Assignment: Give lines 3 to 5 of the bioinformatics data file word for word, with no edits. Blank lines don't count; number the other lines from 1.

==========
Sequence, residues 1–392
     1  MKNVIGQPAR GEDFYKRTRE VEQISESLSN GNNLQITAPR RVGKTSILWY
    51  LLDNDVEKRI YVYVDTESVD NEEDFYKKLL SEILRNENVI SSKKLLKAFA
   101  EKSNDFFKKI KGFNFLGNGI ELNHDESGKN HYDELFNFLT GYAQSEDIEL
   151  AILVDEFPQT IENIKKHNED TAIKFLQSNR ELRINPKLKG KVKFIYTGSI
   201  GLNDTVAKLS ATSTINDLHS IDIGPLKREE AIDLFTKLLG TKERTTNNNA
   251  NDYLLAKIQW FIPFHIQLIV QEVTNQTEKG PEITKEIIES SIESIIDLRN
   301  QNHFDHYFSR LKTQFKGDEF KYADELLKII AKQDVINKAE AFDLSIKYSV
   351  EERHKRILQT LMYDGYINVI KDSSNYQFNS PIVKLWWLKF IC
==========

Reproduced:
    51  LLDNDVEKRI YVYVDTESVD NEEDFYKKLL SEILRNENVI SSKKLLKAFA
   101  EKSNDFFKKI KGFNFLGNGI ELNHDESGKN HYDELFNFLT GYAQSEDIEL
   151  AILVDEFPQT IENIKKHNED TAIKFLQSNR ELRINPKLKG KVKFIYTGSI